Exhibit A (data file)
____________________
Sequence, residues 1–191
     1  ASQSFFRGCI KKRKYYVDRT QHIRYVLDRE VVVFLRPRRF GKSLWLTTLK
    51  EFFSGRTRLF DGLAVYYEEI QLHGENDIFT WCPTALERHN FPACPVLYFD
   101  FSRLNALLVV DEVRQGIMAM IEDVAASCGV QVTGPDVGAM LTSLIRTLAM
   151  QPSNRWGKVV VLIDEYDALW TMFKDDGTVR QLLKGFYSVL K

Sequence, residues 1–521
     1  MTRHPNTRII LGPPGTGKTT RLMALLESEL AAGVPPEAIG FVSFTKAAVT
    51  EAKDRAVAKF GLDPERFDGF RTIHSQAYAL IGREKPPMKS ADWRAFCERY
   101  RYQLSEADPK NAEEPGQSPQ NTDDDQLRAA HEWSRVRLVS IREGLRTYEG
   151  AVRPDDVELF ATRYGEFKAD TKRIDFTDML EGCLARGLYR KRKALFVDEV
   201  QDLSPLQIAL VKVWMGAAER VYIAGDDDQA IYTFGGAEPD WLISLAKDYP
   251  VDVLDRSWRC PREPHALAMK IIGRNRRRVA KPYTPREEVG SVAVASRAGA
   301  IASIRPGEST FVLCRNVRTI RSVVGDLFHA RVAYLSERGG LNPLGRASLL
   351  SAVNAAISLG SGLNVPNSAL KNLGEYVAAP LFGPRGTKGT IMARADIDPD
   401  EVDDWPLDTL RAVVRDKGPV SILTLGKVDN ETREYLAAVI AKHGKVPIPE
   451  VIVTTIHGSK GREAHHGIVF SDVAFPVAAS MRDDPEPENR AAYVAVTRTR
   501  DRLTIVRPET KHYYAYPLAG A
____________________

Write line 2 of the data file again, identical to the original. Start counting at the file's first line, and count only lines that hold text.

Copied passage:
     1  ASQSFFRGCI KKRKYYVDRT QHIRYVLDRE VVVFLRPRRF GKSLWLTTLK